I thought I was done for the morning when surprise, an adult Bald Eagle hoovered over the trees, as I stared from the parking lot. By the time I called Kirk over to see it, the bird had floated out of view. Happily, a short walk toward the eagle's position revealed a juvenile eagle. Kirk got a nice look at the Baldie baby, probably hatched out earlier this year. Kirk told me he chose the park because he'd heard a pair of eagles nested at North Point.
There was a remaining treat in store for me though. As we walked back from the baby Baldie viewing I spotted something skulking along in low lying shrubbery. At first, lost glance I assumed it might be a House Wren - then the bird popped into view - a WINTER WREN! I got my lifer Winter Wren! I'd hoped for one when I visited Baltimore last year but gave up on the idea. Figures - when you quit fretting, things happen. I'm at 3 lifers for 2011.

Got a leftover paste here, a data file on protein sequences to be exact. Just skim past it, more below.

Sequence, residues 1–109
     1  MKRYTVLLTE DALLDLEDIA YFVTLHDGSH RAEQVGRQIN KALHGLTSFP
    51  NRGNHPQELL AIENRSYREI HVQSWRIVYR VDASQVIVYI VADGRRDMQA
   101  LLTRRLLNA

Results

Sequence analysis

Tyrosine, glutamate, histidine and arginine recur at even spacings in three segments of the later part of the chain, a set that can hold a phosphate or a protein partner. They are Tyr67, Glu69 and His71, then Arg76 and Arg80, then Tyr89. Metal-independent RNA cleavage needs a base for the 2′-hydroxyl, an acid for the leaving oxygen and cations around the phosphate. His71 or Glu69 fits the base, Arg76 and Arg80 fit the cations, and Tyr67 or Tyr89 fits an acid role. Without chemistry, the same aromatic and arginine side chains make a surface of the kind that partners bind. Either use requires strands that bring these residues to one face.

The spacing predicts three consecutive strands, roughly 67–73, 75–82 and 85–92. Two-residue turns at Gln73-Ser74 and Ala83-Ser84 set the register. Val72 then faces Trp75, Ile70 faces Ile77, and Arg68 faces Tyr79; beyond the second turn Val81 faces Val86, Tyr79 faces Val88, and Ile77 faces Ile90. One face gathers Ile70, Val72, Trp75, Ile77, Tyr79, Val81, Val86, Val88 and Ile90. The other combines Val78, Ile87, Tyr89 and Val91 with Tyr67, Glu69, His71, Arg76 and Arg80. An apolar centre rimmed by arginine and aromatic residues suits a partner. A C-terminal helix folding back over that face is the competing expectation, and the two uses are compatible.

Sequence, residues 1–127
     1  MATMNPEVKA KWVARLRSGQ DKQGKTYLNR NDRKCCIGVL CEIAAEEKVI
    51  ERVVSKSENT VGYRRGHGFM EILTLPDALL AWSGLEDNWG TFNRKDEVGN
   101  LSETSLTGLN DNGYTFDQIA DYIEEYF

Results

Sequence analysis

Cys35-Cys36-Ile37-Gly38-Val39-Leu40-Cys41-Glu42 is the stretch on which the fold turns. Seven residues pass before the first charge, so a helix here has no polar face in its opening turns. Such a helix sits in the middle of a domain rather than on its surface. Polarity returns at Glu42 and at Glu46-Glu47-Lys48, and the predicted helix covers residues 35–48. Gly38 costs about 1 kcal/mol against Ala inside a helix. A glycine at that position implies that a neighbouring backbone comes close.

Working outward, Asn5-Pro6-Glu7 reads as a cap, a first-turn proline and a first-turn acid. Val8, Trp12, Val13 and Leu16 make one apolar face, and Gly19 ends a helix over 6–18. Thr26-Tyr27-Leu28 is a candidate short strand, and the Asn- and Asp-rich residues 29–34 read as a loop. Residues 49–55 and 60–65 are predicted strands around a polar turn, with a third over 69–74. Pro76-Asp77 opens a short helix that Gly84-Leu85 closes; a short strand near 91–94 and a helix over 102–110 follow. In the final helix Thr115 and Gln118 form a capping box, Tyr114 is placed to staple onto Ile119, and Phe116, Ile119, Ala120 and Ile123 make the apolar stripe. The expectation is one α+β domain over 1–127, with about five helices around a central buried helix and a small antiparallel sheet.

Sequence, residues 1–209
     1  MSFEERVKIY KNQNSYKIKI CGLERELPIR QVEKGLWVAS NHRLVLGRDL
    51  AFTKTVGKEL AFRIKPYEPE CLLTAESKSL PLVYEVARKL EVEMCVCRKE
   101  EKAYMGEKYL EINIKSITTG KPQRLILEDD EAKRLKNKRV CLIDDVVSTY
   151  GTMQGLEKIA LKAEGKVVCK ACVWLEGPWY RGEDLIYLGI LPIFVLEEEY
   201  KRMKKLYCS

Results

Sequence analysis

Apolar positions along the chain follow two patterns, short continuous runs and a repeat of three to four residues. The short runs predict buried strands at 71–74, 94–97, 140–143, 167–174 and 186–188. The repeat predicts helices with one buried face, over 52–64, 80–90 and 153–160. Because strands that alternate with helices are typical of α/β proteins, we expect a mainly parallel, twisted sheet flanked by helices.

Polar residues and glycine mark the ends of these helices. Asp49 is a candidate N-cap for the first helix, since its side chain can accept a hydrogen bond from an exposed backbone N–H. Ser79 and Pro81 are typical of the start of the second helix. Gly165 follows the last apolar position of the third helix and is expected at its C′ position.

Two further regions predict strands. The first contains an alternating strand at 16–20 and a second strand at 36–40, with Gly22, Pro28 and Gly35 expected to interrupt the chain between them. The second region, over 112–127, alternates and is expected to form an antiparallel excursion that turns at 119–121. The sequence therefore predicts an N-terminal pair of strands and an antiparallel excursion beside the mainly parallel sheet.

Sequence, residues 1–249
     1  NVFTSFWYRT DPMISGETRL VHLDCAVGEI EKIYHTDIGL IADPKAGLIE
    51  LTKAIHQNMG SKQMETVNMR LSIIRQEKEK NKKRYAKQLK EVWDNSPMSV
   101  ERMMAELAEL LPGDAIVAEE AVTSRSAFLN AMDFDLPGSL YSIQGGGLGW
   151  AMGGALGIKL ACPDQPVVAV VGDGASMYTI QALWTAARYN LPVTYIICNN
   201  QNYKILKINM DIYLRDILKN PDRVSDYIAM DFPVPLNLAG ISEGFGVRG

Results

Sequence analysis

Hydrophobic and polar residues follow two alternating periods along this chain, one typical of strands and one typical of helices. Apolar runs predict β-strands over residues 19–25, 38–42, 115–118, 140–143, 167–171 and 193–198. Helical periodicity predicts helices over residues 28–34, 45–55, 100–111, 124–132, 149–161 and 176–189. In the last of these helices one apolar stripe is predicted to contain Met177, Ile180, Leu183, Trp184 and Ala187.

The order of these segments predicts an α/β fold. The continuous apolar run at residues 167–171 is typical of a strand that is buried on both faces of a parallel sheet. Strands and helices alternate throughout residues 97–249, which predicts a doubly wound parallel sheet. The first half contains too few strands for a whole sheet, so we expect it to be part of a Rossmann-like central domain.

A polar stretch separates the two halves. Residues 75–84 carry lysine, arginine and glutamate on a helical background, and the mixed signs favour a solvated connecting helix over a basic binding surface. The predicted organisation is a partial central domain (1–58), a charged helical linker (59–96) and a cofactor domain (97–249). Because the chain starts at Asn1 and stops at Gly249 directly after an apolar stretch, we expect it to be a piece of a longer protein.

Our second stop was a year overdue. Last year we couldn't find the park entrance but this year it just popped up: Robert E. Lee Park. As it turns out, even had we found the park last year it was closed. Recently it reopened, and as we drove in, the first thing we saw was a waterfall.
Lovely birding spot. Birds were everywhere; Tufted Titmouse, Eastern Bluebirds, Chipping Sparrows, a Yellow-bellied Sapsucker, Red-bellied Woodpecker that disappeared into a hole in a huge snag and a Red-tailed Hawk, overseeing everyone else's activities.
We had fun following the peregrinations of this little guy. You find the bird in this photo I took with my mini-digital?
One fun little sighting at Robert E. Lee was what I at first quick glimpse in flight, thought was a chickadee. The bird landed quite close and was an as yet undetermined species of Sparrow with a snowy white head, and pale-ish belly; a partial albino. Kirk and I were agog at the weird little flutterby. I was chagrined that what ought to have been a great shot of the bird was thrown by the reflectiveness of its white head. The bird managed to hold on to most of the coloring of its crown. What species? I'm guessing a White-throated Sparrow, but here's its photo, you tell me!